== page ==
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Afghanistan-Pakistan: UNHCR starts processing Afghans wishing to repatriate from Bannu

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ISLAMABAD, 15 June (IRIN) - The office of the United Nations High Commissioner for Refugees (UNHCR) has announced it would start issuing voluntary repatriation documents to Afghans living in refugee camps in the North Waziristan agency of Pakistan's western tribal belt, on Wednesday. Islamabad recently announced it intended to close all the camps in that area by the end of June.

"Some 83 percent camp of residents [Afghan refugees] in North Waziristan out of a total of over 38,000 opted to repatriate, availing [themselves of] UNHCR assistance and got themselves registered with the agency last week," Jack Redden, UNHCR spokesman in Islamabad, said.

Over 5,300 Afghan families out of a total of 6,471 living in North Waziristan refugee camps turned up last week when the UN refugee agency launched a four-day drive to register Afghans wishing to avail themselves of the UNHCR's offer of assistance to return home.

The heads of household had to travel to the Bannu district of North West Frontier Province (NWFP), some 40 km away, to collect the Voluntary Repatriation Forms (VRFs), required to secure the UNHCR voluntary repatriation assistance package to return to Afghanistan, the UNHCR spokesman said. The UN refugee agency will continue issuing VRFs until 29 June.

"The heads [of household] must bring a picture showing all the members of the family who are repatriating. Moreover, the UNHCR teams will process only the cases of those Afghans that were registered last week," Redden added. After receiving VRFs the heads would return to North Waziristan and proceed with their families to the Afghan city of Khost through the border crossing point of Ghulam Khan into Afghanistan.

"All the family members over the age of six would have to undergo an iris scanning test at the UNHCR encashment centre to ensure they have not previously received repatriation assistance," the UNHCR official explained.

The Pakistani authorities cited security concerns when it announced in May that it would close more than a dozen camps housing over 38,000 Afghans in the tribal North Waziristan agency. Islamabad intends to close down gradually all the refugee camps inside the western tribal belt, an area composed of seven agencies bordering Afghanistan. The camps were established more than two decades ago to house Afghans fleeing unrest in their homeland following the Soviet invasion.

In a similar move last year, Afghan refugee camps in South Waziristan agency were closed in June 2004 as the Pakistani security forces conducted operations against alleged Islamic militants in the area.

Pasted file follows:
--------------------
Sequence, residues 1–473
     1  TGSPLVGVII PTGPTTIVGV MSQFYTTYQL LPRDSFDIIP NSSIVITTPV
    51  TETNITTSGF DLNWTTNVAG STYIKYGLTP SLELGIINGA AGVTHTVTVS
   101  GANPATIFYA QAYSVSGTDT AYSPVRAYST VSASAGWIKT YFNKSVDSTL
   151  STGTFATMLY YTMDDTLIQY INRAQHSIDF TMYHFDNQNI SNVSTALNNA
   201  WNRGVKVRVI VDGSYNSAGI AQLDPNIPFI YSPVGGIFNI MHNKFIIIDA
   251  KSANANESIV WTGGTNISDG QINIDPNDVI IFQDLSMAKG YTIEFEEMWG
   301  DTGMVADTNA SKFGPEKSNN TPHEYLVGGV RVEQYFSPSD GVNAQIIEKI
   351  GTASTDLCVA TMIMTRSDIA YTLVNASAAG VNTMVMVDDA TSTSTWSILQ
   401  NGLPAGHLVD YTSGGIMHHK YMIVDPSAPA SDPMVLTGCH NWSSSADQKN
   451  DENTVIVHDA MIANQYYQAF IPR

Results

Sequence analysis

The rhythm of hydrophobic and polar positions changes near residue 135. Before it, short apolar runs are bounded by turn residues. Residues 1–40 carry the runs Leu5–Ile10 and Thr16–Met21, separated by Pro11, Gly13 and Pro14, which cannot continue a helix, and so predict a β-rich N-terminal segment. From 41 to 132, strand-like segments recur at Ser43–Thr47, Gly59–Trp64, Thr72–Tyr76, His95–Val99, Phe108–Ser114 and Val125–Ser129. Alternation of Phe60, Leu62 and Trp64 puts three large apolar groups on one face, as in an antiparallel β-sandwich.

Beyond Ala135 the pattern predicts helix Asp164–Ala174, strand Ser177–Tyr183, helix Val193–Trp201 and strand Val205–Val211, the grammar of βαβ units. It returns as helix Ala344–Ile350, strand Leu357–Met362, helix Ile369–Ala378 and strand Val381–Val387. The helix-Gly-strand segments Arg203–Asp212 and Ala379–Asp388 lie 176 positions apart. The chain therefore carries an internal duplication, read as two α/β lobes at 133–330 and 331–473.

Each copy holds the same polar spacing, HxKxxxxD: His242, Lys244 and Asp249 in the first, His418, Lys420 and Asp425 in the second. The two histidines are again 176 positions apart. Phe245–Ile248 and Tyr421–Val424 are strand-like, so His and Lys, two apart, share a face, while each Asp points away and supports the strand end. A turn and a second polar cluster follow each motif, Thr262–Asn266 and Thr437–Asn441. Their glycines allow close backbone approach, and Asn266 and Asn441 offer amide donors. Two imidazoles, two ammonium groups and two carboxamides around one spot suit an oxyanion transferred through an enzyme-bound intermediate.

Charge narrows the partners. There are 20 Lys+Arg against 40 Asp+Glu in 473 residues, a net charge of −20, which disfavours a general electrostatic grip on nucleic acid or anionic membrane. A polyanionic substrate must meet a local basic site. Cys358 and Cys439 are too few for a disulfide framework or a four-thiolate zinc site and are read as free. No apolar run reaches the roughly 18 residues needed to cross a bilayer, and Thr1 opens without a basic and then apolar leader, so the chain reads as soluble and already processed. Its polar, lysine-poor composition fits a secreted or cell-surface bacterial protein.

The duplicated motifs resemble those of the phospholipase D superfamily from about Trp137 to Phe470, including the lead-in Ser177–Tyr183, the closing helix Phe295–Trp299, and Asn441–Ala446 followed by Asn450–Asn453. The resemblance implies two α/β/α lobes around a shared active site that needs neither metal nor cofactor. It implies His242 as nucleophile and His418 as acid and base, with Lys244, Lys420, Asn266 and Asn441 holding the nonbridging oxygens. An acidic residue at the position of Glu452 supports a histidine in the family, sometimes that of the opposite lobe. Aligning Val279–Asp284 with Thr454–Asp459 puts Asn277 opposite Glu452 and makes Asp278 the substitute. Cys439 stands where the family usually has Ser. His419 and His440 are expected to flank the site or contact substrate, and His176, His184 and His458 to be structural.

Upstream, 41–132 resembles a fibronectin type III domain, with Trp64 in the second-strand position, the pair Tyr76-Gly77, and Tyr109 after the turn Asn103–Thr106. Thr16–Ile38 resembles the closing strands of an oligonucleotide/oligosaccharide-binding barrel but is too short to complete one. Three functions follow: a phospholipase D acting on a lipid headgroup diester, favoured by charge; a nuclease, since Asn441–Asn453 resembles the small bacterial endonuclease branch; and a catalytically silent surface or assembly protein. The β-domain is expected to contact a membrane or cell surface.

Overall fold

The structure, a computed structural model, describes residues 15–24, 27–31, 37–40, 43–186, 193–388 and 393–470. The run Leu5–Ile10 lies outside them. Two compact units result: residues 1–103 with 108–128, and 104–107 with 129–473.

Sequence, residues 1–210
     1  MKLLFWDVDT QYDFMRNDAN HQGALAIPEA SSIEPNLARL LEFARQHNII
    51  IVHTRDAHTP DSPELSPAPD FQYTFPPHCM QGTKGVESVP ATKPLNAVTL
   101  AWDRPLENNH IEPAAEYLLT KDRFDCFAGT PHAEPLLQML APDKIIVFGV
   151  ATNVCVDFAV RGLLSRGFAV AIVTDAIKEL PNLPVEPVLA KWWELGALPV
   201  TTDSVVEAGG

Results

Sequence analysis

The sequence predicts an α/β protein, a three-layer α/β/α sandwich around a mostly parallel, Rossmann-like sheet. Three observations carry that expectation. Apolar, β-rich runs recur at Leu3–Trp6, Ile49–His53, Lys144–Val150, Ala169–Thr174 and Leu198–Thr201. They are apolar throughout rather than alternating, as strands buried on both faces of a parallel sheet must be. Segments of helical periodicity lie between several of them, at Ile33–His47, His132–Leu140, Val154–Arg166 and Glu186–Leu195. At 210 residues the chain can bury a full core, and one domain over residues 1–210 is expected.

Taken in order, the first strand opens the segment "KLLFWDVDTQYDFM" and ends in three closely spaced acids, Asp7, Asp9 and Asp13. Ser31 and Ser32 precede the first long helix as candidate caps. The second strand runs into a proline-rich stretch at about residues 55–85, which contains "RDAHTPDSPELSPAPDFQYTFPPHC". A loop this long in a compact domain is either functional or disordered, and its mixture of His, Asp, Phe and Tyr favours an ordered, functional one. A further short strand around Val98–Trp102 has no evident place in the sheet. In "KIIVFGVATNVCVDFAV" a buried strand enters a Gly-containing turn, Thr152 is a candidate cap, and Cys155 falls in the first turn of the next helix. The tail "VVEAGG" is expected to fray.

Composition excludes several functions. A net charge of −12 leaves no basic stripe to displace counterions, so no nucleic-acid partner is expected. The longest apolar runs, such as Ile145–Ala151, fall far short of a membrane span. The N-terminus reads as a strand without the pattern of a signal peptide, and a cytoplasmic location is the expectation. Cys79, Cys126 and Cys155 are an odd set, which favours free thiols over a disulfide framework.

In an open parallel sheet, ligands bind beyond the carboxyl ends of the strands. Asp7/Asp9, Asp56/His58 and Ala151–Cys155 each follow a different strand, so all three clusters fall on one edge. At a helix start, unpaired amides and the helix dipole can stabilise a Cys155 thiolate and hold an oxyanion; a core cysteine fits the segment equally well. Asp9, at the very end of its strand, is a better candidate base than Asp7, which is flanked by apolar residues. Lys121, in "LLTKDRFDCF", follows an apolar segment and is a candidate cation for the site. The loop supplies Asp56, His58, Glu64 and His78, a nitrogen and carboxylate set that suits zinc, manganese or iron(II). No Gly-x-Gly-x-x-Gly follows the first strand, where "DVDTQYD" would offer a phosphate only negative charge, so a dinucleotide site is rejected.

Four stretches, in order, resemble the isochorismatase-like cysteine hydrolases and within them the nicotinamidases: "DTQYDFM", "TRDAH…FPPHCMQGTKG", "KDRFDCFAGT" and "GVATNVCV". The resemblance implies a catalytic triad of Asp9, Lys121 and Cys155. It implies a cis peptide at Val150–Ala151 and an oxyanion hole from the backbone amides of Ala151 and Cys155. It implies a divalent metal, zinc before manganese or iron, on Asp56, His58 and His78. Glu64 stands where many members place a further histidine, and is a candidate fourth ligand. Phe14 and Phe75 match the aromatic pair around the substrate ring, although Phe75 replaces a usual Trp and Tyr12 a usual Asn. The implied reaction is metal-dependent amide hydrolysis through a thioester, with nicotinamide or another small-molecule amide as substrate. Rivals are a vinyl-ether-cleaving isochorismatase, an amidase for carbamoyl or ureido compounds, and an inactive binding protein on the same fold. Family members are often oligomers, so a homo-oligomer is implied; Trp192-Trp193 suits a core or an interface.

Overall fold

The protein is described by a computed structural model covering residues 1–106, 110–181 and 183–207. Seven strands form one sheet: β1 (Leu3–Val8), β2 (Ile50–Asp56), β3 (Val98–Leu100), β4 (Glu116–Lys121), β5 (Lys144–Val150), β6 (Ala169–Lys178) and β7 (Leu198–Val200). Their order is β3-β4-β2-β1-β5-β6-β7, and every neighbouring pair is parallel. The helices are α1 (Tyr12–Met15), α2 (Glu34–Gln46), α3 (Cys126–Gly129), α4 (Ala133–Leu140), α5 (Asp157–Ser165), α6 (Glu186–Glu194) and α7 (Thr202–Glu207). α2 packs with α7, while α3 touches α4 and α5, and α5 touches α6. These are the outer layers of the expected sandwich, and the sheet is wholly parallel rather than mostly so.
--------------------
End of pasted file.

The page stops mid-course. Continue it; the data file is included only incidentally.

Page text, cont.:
"Last year, the Afghans were the most who suffered from the security forces' operation in South Waziristan agency. The decision to close all the refugee camps in North Waziristan has been taken in the best interest of Afghans, keeping in view the previous situation," Dr Imran Zeb, director at the office of the Chief Commissionerate for Afghan Refugees (CCAR), explained.

CCAR is the Pakistani state body dealing with Afghan refugee issues. The UN refugee agency has not opposed the closure of the camps.

"The unrest due to ongoing security problems in the area bordering Afghanistan has made it very difficult to provide services in those camps," the UNHCR spokesman noted. In addition, for those who do not wish to repatriate, the option of relocation to any other area still remains, Redden said.

According to a census conducted over February and March this year, some 58,000 Afghans are living in North Waziristan, including over 38,000 living in UNHCR-administered camps.

"All the Afghans would have to move out of North Waziristan in due course of time. After the camp residents, others living in urban and rural settlements would also have to leave," the head of political administration in North Waziristan, Tariq Hayat told IRIN from Miranshah, capital of the tribal agency.

"That's a policy decision. However, no date has been decided to this as yet," said Hayat while declining to comment on any specific security concern.

The UN refugee agency has assisted some 2.4 million refugees to return from Pakistan to Afghanistan. So far this year, more than 122,000 Afghans have gone home with assistance from the UN refugee agency's assistance package. The assistance provides a travel grant ranging from $3 to $30 depending on the distance to destination with another $12 per person to help them re-establish themselves and resettle.

[ENDS]

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